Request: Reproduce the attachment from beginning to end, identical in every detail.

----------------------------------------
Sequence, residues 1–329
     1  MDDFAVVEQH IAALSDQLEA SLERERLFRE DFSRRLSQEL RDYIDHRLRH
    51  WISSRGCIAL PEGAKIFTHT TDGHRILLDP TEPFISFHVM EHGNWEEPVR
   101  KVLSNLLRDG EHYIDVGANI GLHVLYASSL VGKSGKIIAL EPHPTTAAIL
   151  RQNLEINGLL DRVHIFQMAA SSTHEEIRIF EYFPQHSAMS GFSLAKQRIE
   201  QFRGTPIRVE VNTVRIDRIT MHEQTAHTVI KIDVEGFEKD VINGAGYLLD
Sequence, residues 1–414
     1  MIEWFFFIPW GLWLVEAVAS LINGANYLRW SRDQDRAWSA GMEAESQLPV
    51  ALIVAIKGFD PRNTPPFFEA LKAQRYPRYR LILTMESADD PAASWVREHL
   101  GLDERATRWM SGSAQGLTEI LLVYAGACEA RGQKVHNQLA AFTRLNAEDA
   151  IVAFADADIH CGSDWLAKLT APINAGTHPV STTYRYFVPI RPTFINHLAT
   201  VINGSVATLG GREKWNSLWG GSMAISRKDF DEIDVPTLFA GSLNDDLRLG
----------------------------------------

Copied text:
Sequence, residues 1–329
     1  MDDFAVVEQH IAALSDQLEA SLERERLFRE DFSRRLSQEL RDYIDHRLRH
    51  WISSRGCIAL PEGAKIFTHT TDGHRILLDP TEPFISFHVM EHGNWEEPVR
   101  KVLSNLLRDG EHYIDVGANI GLHVLYASSL VGKSGKIIAL EPHPTTAAIL
   151  RQNLEINGLL DRVHIFQMAA SSTHEEIRIF EYFPQHSAMS GFSLAKQRIE
   201  QFRGTPIRVE VNTVRIDRIT MHEQTAHTVI KIDVEGFEKD VINGAGYLLD
Sequence, residues 1–414
     1  MIEWFFFIPW GLWLVEAVAS LINGANYLRW SRDQDRAWSA GMEAESQLPV
    51  ALIVAIKGFD PRNTPPFFEA LKAQRYPRYR LILTMESADD PAASWVREHL
   101  GLDERATRWM SGSAQGLTEI LLVYAGACEA RGQKVHNQLA AFTRLNAEDA
   151  IVAFADADIH CGSDWLAKLT APINAGTHPV STTYRYFVPI RPTFINHLAT
   201  VINGSVATLG GREKWNSLWG GSMAISRKDF DEIDVPTLFA GSLNDDLRLG